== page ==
2023 has been an extraordinary year for Russian oil exports. Driven by Western sanctions, and in particular the phase-out of most European crude and product imports from Russia, the hydrocarbon superpower had to look for ­alternative outlets.

After all, and against the expectations of many, it was neither particularly difficult for Russia to find new buyers nor for Europe to procure replacement diesel and crude oil. And while the new equilibrium has a higher demand on vessel ton-miles, not even that was sufficient to boost freight rates to a permanently higher level.

Russian oil flows in the new paradigm can be split into two phases. In the first six months of 2023, Russian arrivals in new destination markets hit steadily new record highs, facilitated by deep discounts. The staged European phase-out (first crude, then diesel) was completed in early February. Some initial hesitation on the buyer side in combination with the seasonal peak in Russian oil exports in March led to a peak in arrivals of Russian oil in new markets in the month of June.

From that point onwards, flows and the stress on the logistical system were easing from various perspectives. As a key factor, seaborne exports of Russian crude (excluding CPC Blend and KEBCO, both transit grades from Kazakhstan) fell from an extraordinarily high 6.7m b/d in March to a low point below 5.5m b/d in August.

A superficial view on the massive 1.2m b/d gap would suggest that Russia must have curtailed supplies dramatically, having announced combined cuts of 1m b/d in crude exports for the month of August. But the truth is that the average seasonal decline in exports already accounts for more than 0.7m b/d of this. And March figures were just strongly inflated due to substantial delays in exports from February due to winter storms.

On average, January to July exports of Russian oil were perfectly aligned with the seasonal average, while over August to October a shortfall of some 250k b/d can be noted. This may well serve as a good indicator of the combined effects of the announced crude exports cuts in close alignment with OPEC+ and particularly Saudi Arabia, as well as the partial export ban on diesel and gasoline established in the latter part of September.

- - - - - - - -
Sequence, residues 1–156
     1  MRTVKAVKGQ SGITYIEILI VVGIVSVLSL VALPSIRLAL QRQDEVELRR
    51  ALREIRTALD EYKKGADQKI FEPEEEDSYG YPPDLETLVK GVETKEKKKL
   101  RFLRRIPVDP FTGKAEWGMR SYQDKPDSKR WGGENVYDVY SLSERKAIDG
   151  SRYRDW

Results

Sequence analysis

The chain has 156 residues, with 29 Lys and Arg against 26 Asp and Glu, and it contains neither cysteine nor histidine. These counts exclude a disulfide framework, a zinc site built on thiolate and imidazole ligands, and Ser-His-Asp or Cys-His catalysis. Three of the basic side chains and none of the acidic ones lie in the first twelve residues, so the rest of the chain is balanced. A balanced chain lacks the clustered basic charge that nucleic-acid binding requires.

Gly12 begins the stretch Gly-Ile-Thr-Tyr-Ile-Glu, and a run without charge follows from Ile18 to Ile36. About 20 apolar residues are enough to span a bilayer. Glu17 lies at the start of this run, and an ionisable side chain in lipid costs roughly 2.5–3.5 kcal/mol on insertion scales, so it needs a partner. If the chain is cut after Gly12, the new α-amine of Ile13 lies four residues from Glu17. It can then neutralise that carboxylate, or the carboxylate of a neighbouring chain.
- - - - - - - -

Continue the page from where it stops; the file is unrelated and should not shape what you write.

Slower Russian exports in H2 2023 tightened the market for these semi-sanctioned barrels, leading to higher prices. It is sometimes forgotten that it is entirely legal to import Russian oil for most countries outside the EU/G7 group, as long as no Western shipping, financing and other related services are used. Accordingly, a new fleet established itself over the course of 2023 and logistics became pretty fluent again, curtailing vessel utilisation beyond lower underlying volumes. Furthermore, fresh interest for Russian diesel from markets such as Brazil helped to keep somewhat shorter-haul barrels to the Atlantic Basin more stable, while the declines materialised in particular towards East of Suez markets.

Nevertheless, India is clearly the number one opportunistic buyer of Russian oil. Up from negligible volumes in 2021, Indian imports of predominantly crude oil peaked at 2.1m b/d over May to June, before falling back to 1.7m b/d since then. But Chinese imports of Russian oil declined by 0.7m b/d from a June peak to an October low. Middle Eastern imports fell by about 350,000 b/d from peak to trough, with the end of the power generation season in Saudi Arabia playing a role.

Looking forward to 2024, two things are likely to happen. As domestic Russian oil demand eases over winter months, exports are set to rise by at least 0.5m b/d towards the usual peak in April. But competition for the Russian barrels, which are still offered at some discounts, will remain strong, and the recent marginal transition from East of Suez to West of Suez buyers may well go on.

Opportunistic buyers will have a harder time than in 2023 and logistical costs will play a bigger role. Buyers such as Turkey, North and West African countries and possibly more Latin American players are likely to increase their share in Russian oil further. Meanwhile in particular China may well see a further decline in flows, as it is simply too far away from the key Baltic and Black Sea ports. Only if some hiccups were to materialise in logistics, e.g. due to tightening sanctions, would China become more relevant again as a buyer of last resort.

But such hiccups are unlikely. Ultimately pretty much everybody in the market wants Russian oil to continue flowing, as otherwise massive price rises are unavoidable. Similarly, Russia itself will not deliberately forego crucial income in its war economy. And, as in 2023, any potential shortfall in the fleet transporting Russian oil will be picked up quickly by new players, with procurement prices of old vessels set to fall amid a reasonably long oil tanker market.

David Wech is the chief economist at Vortexa.

This article was published as part of PE Outlook 2024, which is available for subscribers here. Non-subscribers can purchase a copy of the digital edition here.



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